There is one safe way to admit you’re into the Sacramento Jazz Jubilee: Call it camp.
Don’t you just love the Jazz Jubilee? They say it’s the world’s largest traditional jazz festival, going strong for 33 years now, and such a proud Sacramento institution, a bastion of … What’s that? You’ve never been? Oh, well, let me tell you … What’s that? You’re not really interested? Oh. I see.
No, seriously. I think I understand. Perhaps, for whatever reason, you have it in your mind that the Jazz Jubilee simply isn’t for you. You’ve endured the yearly barrage of fawning publicity and come away imagining just another assembly of blue-haired, candy-striped, banjo-wielding barber-shoppers and countless same-seeming perpetrators of smoooooth, feeble fuzak. You’ve heard the Jubilee’s new executive director, Jill Harper, say things like “We’re delighted that the Port of Sacramento has provided us with space for about 200 motorhomes and RVs to offset the spaces lost as a result of our move from Cal Expo,” and you’re not reassured.
Nor are you alone. “I’ve never spoken to anyone in the Sac Traditional Jazz Society about this, but I’d have to say that it’s pretty obvious that the Jubilee doesn’t make what you and I know as jazz a priority,” said local guitarist Ross Hammond, who’s been peripherally involved with the festival in years past. “Dixieland is the dominant form of jazz for the duration of the weekend—which is fine, I suppose. But it would be nice for Sacramento to have a true jazz festival that celebrates some of the changes in jazz that have happened in the 90 years since Dixieland’s heyday.”
Touché. “This year we are offering ragtime, blues, zydeco, gospel, Latin jazz, swing and contemporary jazz, in addition to our usual helping of traditional jazz,” Harper promised. She calls it a “musical buffet.” You’re thinking: So, are there heat lamps and a sneeze guard?
“We will be playing modern styles of jazz,” avowed tenor player Darius Babazadeh, whose D Baba Project is among the varied local acts on this year’s roster. True, Babazadeh cut his teeth as a touring sideman with Paul Anka, but the group he now fronts can safely be called experimental and improvisatory. As can several others in the lineup.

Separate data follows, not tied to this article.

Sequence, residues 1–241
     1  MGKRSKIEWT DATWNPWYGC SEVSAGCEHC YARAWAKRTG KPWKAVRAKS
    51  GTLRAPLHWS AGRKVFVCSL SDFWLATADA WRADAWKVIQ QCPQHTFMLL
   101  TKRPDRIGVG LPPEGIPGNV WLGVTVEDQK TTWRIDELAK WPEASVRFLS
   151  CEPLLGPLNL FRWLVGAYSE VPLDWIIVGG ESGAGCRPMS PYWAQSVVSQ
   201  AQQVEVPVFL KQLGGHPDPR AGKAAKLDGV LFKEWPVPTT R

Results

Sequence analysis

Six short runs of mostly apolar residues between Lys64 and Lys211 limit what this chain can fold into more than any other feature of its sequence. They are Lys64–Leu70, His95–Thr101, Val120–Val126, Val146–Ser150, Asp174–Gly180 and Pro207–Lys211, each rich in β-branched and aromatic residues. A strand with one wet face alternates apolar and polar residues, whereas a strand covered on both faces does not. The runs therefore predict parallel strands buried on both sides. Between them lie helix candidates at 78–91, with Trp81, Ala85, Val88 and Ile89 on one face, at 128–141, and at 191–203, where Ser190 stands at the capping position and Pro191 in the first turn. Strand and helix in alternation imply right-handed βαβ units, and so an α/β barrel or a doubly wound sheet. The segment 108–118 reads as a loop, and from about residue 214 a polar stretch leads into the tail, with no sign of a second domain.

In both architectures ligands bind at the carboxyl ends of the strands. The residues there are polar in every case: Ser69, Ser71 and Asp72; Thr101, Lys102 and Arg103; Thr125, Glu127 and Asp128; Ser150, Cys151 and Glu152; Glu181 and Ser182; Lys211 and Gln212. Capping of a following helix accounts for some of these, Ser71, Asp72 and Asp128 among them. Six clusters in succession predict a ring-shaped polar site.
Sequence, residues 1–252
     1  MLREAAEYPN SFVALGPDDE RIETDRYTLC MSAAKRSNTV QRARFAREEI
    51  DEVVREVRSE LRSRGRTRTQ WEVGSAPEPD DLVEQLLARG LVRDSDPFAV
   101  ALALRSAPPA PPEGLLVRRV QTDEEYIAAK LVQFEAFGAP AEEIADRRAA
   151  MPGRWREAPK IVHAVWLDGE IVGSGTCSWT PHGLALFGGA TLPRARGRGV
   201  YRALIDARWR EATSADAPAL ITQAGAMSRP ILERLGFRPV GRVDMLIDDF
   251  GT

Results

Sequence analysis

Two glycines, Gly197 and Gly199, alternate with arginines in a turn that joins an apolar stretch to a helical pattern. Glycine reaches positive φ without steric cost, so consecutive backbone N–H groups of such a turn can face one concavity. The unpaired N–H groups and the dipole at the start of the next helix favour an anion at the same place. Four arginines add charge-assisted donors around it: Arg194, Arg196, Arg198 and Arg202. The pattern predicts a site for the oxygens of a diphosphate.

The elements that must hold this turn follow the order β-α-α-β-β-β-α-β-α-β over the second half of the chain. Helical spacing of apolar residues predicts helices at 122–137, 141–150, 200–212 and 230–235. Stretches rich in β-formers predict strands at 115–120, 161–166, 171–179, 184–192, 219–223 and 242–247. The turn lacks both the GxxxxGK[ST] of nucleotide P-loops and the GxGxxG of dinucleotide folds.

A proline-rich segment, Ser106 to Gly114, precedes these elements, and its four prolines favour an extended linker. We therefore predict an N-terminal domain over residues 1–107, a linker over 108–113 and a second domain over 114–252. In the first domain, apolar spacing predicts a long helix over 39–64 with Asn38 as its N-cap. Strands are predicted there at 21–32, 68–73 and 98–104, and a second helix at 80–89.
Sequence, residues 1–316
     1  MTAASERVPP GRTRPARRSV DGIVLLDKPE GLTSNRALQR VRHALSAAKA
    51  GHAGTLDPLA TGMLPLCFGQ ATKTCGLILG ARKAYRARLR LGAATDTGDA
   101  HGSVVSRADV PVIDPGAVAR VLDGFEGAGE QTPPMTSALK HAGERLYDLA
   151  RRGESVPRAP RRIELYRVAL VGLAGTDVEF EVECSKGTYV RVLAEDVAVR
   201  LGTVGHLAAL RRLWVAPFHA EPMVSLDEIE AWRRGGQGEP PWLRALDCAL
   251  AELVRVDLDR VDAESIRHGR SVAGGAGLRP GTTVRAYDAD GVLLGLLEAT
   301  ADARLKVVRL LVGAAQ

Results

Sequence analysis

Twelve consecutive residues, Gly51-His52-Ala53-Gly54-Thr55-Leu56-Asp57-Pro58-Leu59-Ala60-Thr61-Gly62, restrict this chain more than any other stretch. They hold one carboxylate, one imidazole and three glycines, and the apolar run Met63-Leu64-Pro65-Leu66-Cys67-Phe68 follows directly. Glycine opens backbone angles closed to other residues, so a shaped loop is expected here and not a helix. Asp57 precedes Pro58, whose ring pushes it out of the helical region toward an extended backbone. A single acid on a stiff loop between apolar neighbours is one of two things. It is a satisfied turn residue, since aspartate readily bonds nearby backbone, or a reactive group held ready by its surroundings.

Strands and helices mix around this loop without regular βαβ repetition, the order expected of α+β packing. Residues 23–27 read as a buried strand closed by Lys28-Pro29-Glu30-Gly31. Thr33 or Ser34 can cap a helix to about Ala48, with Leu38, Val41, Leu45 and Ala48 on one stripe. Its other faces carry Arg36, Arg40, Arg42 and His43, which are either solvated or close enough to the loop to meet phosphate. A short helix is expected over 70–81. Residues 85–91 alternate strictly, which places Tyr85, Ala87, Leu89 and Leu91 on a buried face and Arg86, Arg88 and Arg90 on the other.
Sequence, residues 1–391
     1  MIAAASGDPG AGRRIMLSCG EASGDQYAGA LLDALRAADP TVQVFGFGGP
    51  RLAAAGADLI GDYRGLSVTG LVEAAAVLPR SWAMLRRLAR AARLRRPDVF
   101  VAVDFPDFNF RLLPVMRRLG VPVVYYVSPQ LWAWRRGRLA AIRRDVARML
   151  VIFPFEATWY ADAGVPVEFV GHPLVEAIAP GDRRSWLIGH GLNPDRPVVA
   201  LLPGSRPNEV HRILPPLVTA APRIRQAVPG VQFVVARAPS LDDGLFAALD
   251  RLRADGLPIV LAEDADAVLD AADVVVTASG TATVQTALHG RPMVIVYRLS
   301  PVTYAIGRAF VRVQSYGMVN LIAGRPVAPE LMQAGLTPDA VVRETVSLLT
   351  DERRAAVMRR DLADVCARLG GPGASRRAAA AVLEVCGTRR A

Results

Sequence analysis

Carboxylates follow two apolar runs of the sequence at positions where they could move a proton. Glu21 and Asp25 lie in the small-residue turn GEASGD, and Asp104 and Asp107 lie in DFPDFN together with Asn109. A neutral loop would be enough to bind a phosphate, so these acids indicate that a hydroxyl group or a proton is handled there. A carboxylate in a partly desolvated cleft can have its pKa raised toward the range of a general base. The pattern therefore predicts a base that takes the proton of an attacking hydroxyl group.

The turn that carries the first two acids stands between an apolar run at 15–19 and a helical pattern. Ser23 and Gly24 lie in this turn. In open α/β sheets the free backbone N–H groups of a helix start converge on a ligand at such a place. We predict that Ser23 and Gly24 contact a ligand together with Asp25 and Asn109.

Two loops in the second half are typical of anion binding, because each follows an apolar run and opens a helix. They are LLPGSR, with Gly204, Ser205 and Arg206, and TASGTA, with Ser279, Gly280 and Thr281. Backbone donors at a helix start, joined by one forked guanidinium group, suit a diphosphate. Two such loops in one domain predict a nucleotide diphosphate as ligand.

Right, now you’re imagining sleepy, just-as-nostalgic Miles Davis tributes; readying snarky quips about the “stillbirth of the cool”; and deciding that the more you think about it, the more the Jubilee seems not like a vital and serious musical institution, but simply another enormous, indiscriminately debasing suburban tourist attraction, at once geriatric and infantilizing, with an undeniable stale-mothball smell mitigated only by a musky whiff of multicultural desperation. And no amount of ad-copy bombast or rote-churned boosterism from the local fish wrap will be able to convince you otherwise.
Jesus Christ, you are a tough crowd.
Here’s what we suggest: Go anyway and consider it camp.
Look, are you not at all encouraged by the knowledge that the weekend offers more than 800 performances over four days? That one of the headliners is a funkaholic New Orleans outfit by the noteworthy name of Bonerama (their healthy horn-section frontline features four trombones)? Will you at least consider the wisdom of one Patrick “Junior” Skiffington, a local 30-year-old ethnomusicology student who was born during a Jubilee weekend (“My dad never let me forget it,” he said); attended the festivals often if indifferently as a child; and, as a bassist, played a few during high school, only to swear off them for years and later, triumphantly, return?
Skiffington doesn’t care if kids his age, as he puts it, don’t dig the Dixieland. “I think it’s one of the most fun things to do in town,” he said. “It’s great to be out hearing bands from around the world playing traditional jazz—some great bands I would never have heard otherwise.” Also, he recommends loading up on Irish coffee before the festivities or beer during them.
OK, now you just can’t admit you’ve changed your mind. You totally want to go. Don’t be embarrassed. No one will even recognize you; it’ll be too crowded.